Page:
Athens in 2 days
There is so much to see and enjoy in Athens. Two days in Athens is certainly better than one, but three days is the minimum we recommend you stay. There are ancient historic sites, many museums, a vibrant nightlife, delicious food and such a friendly atmosphere that your trip here is sure to inspire you for years to come. If you are following this guide, you plan to visit the Acropolis on Day 1. Our Day 2 itinerary is a delightful potpourri of things to see and do in the center of Athens, perfect for the visitor in for the weekend or for a short stay. Day 2 focuses on museum hopping along the tree-lined promenade, Vasilissis Sofias Street, shopping in Kolonaki and having cup of coffee while watching a romantic sunset atop Lycabettus Hill, the highest peak in Athens with a panoramic view unlike any other.
Athens city center is a small district with a cluster of art-filled gems waiting to be discovered by visitors like you. Here is an easy guide to walk you through your Athenian treasure hunt that will make for a pleasant few days in one of the world's most ancient cities. The area surrounding Syntagma Square and Vasilissis Sofias can be somewhat referred to as a museum row with several of the city's finest within walking distance of each other.
We recommend that you begin Day 2 in Athens with a visit to The National Archaeological Museum, showcasing one of the largest collections of ancient Greek artifacts in the world. The museum is approximately 5 minutes from Omonia Square and just a short bus ride away from the group of museums that await you upon your return from your morning tour here. Bear in mind that it will require a few hours to examine the many works of prehistoric items, sculptures, and pottery.
The museum hopping continues on Vasilissis Sofias. At the Benaki Museum you can view Greek artifacts from the Paleolithic period through to the 19th century. You can also break for lunch at one of several cafes along Voukourestiou Street around Syntagma Square or nearby Kolonaki. Next up on your treasure hunt of Athens' gems is The Goulandris Museum of Cycladic Art, one of the largest and most popular private collections of ancient Cycladic art and sculptures. Across the street is the War Museum, filled with memorabilia and items portraying the often turbulent war history of Greece. You can also visit the National Art Gallery, a museum which is not to be missed housing a permanent collection of paintings of contemporary Greek artists and painters, in addition to major exhibitions from other parts of the world. The Ancient Olympic (Panathenaic) Stadium is just a few blocks away. Choose to walk to see the site of where the first modern Olympic Games took place in 1896. Directly across the street is an entrance to the green and palatial National Gardens. A stroll inside will bring you to the Zappeion Mansion. Exit onto Syntagma (Constitution) Square and the Tomb of the Unknown Soldier in front of the Parliament Building. Stay long enough to witness the strong, proud and ceremonial changing of the guard -- a highlight to any Athens visit. If you haven't done so already, take a few moments to peruse the Syntagma Metro Station. The flagship station of the new underground showcases mosaics and replicas of some of the thousands of archaeological finds discovered during its construction. Standing tall above the metro station (Panepistimiou and Vasileos Georgiou I) is The Hotel Grand Bretagne, one of Athens' oldest and most glamorous hotels with a rich history. It was here that the International Olympic Committee met in 1896. During World War II it became the headquarters of the Greek, German and English armed forces successively. The surrounding Syntagma Square area is studded with elegant buildings of 19th century neoclassical architecture that were renovated prior to the Olympics Games, such as The French Embassy and the Sarogleion Mansion, among several others. Another noteworthy building, designed by architect Ernest Ziller, is the nearby Numismatic Museum, exhibiting one of the rarest collections of ancient coins in the Balkans. Be sure to include these on your list of things to see.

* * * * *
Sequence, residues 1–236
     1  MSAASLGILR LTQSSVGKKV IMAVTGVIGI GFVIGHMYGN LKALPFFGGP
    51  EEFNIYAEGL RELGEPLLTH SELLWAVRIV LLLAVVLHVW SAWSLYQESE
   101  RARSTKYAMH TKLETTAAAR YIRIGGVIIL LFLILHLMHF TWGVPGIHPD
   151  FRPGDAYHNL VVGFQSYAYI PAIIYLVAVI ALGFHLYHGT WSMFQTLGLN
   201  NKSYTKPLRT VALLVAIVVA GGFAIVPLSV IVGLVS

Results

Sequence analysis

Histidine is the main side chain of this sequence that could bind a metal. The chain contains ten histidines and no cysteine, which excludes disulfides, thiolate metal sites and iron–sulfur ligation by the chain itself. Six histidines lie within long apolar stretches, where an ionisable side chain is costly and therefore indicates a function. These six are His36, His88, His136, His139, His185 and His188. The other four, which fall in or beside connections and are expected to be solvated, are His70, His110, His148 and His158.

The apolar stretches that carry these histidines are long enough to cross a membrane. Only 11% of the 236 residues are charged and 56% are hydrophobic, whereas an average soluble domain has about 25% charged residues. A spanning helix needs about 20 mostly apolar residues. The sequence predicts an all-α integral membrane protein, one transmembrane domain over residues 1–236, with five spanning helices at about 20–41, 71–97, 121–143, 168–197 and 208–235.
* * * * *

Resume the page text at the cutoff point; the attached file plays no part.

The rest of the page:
We recommend you take the 10-minute walk to Kolonaki Square, one of Athens' most popular neighborhoods. Several streets from Vasilissis Sofias or Stadiou will take you there, where you can shop or people watch as you enjoy an iced coffee or frappé at one of the many outdoor cafés.
Afterwards, make the extra effort to climb Lycabettus Hill for a breathtaking panoramic view of Athens unlike any other vantage point in the city. If a mini-trek up is not your thing, take the cable car to the top. The entrance is on the corner of Aristippou and Ploutarchou streets. If you decide to walk down the forest path (the view is truly amazing), you will encounter Dexameni Square in Kolonaki, where you can grab a bite to eat.